About The Milton Reading Room
From its beginnings in the spring of 1997, The Milton Reading Room has been a project of collaboration between me, Thomas Luxon (Professor of English at Dartmouth College), and my students. Those listed below have helped me edit particular texts and written introductions; their names also appear at the end of the introductions they helped to write.
- Robert Auten
- Amar Dhand
- John Garber III
- Jennifer Hickey
- Katherine Lynch
- Collin O'Mara
- Ajay Rao
- Jim Sitar
- Fatima Malik
- Meg Fuchs
- Glenn Buchberger
- Laura Ferrell
- Cordelia Zukerman
- Sara Silverstein
- Meredith Russo
- Alison Moe
- Lauren Indvik
- Alexis Monroe
- Jayne Caron
- Katherine Kilkenny
- Jordan Craig
- Graeson McMahon
Carolyn Cummings and Margot Neebe worked on the project at its beginning in 1997 and did much of the first transcribing work. Jim Sitar, Katherine Lynch, Collin O'Mara, Glenn Buchberger, Cordelia Zukerman, Sara Silverstein, Meredith Russo, Alison Moe, Alexis Monroe, Lauren Indvik, Jayne Caron and Katherine Kilkenny have served as James O. Freedman Presidential Scholars on this project.
A grant from the Computing Technology Venture Fund of Dartmouth College has supported the project's inception. State Farm Companies Foundation in conjunction with the New England Colleges Fund have also generously supported the project. The R. Stephen Cheheyl Fellowship in Technology and Teaching (2001-2002) supported the work required to change the site to XHTML and design the search engine.
A summer stipend from the National Endowment for the Humanities in 2010 made it possible to finish introductions and annotations for Milton's sonnets and Latin poems from "Elegiarum" and "Sylvarum."
I am grateful also for the frequent communications with Roy Flannagan in 1997 and 1998 and for having his Riverside Milton ready to hand in the early stages. Without Harris Fletcher's four-volume facsimile edition of Milton's Poetry and the lovely early editions of Milton in the Rauner Special Collections Library at Dartmouth I would have been lost. Also very helpful have been John Shawcross's essays on Milton's texts in Flannagan's Riverside Milton. Phil Cronenwett, Jay Satterfield and the staff of the Rauner Library have supported the project wonderfully. Special thanks go to the Bruce Rauner and John H. Freund families for the roof over our heads.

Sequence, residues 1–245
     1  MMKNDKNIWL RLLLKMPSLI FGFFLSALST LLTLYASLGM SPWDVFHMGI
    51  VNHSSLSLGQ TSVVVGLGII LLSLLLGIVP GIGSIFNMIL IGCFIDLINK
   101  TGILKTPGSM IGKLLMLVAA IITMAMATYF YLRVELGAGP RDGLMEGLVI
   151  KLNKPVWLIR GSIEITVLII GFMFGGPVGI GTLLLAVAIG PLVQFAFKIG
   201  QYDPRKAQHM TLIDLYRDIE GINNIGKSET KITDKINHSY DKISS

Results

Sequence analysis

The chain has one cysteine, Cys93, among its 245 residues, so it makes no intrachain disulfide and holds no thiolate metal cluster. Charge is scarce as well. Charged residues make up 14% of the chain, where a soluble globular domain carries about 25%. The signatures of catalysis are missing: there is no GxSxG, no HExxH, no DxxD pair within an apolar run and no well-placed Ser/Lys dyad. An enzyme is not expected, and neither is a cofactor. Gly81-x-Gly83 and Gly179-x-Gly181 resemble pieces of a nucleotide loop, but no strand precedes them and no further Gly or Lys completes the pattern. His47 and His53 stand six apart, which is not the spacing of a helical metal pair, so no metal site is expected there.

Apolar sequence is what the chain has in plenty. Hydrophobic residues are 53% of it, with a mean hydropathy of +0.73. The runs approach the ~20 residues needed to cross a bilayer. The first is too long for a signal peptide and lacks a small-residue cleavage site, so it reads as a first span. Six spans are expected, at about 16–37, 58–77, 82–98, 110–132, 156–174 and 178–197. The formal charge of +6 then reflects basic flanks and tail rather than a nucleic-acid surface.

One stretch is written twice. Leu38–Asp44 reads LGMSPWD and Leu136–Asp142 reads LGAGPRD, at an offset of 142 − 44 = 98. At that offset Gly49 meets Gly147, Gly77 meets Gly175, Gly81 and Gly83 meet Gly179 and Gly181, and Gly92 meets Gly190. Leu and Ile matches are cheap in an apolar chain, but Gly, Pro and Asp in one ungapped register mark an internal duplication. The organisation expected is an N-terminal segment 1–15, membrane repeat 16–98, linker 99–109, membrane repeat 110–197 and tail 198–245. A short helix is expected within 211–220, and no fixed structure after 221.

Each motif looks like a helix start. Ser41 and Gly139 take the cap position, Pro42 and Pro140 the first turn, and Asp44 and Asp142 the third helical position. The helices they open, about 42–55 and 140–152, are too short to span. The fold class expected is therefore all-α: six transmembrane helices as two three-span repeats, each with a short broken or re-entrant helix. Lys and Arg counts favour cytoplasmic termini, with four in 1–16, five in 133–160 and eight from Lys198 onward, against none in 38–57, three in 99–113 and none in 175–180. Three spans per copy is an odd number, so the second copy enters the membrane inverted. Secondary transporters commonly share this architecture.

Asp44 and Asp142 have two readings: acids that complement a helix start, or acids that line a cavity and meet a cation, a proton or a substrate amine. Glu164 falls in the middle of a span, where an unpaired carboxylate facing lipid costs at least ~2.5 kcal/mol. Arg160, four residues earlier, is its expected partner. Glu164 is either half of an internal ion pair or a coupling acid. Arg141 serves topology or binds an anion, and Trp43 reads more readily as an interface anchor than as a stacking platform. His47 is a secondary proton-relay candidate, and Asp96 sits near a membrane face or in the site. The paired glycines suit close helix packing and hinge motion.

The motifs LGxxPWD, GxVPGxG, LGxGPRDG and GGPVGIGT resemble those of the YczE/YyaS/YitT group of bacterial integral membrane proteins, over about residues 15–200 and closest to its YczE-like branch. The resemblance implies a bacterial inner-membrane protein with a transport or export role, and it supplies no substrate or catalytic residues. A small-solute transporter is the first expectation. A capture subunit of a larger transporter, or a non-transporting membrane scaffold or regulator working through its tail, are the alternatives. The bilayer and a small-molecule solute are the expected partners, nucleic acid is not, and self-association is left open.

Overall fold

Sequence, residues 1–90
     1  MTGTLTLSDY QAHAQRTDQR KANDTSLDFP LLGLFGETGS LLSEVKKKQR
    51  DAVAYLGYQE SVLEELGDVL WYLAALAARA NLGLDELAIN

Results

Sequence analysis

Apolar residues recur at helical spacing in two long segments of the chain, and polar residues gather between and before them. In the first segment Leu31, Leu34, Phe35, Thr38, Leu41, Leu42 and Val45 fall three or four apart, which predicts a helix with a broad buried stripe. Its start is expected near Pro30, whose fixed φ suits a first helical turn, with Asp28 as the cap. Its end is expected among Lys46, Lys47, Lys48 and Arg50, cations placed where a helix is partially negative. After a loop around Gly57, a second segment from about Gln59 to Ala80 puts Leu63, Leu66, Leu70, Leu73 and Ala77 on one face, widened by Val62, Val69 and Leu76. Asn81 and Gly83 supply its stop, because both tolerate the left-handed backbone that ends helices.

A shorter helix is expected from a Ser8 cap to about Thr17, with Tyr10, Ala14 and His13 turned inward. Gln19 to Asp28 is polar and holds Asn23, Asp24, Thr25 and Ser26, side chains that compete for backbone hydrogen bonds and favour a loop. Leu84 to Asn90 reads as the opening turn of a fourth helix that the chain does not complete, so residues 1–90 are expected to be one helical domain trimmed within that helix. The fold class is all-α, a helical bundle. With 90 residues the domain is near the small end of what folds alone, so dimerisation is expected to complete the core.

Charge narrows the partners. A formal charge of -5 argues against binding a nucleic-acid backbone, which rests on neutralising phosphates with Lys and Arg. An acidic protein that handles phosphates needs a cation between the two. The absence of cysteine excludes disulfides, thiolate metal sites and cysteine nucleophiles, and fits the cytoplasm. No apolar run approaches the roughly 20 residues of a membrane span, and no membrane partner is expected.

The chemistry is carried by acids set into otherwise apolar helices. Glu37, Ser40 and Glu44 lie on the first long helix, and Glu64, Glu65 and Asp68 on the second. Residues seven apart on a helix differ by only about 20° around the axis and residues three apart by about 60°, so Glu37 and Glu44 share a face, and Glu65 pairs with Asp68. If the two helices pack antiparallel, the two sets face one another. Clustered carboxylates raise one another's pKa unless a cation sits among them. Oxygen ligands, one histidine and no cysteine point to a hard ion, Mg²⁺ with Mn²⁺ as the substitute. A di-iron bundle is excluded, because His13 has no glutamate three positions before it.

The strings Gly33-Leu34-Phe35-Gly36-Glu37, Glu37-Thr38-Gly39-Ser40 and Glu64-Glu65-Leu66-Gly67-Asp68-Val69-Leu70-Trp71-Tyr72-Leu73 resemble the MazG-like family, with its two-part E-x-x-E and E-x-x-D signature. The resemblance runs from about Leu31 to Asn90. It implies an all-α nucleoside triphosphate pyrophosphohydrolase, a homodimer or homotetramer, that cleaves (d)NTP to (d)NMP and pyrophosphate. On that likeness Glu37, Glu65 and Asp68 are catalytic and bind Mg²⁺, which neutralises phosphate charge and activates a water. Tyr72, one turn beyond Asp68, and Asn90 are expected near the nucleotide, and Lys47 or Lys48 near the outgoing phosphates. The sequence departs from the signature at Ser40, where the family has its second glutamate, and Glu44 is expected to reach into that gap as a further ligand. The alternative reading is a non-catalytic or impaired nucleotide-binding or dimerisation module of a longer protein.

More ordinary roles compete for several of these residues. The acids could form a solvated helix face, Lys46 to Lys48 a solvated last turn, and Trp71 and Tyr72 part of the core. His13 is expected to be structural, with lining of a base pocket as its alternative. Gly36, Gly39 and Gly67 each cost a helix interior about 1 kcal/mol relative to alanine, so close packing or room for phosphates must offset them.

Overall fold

Sarah Horton of Dartmouth's Computing Services designed the original site, and the project has enjoyed the support of Malcolm Brown, Director of Computing Services, and John Hawkins, Associate Director for Academic Information Resources. Barbara Knauff masterminded the transition from HTML to XHTML.
In 2014, an update for the Milton Reading Room was designed and developed in the Neukom DALI Lab by Jordan Craig '15 and Graeson McMahon '15. The Digital Arts Leadership and Innovation (DALI) Lab is a research and development lab in the computer science department (http://www.cs.dartmouth.edu) at Dartmouth College. They combine innovative technology and elegant design to communicate data effectively, share information in ways that change people’s behavior, and display research in ways that help others understand the meaning and importance of the work. Students work in small teams, outside the classroom, with the support of staff and faculty advisors (http://dali.dartmouth.edu).
Images on the Homepage:
- Temptation and Fall of Eve by William Blake (1808), pen and watercolour on paper, from WikiArt
- Baptism and Temptation of Christ by Paolo Veronese (1580-82), oil on canvas, from WikiArt
- Samson and Delilah by Anthony van Dyke (1620), oil on canvas, from WikiArt
The Milton Reading Room, like most websites, is (and will always be) a work in progress. The site now contains all of Milton's poetry in English, Italian, Latin, and Greek, and selections of his prose. Almost all of the works presented here have been fully annotated; most have solid introductions as well. I hope that one day the site will present fully annotated and hyperlinked versions of all of Milton's English works, verse and prose. This will place The Milton Reading Room in the midst of the virtual library that the web is rapidly becoming. Milton, I believe, should be read and studied from inside a library, and the web makes this possible on a scale only recently imagined.
I welcome suggestions and comments on the site and on the plans for its future. Please send them to me, Thomas H. Luxon (email@example.com).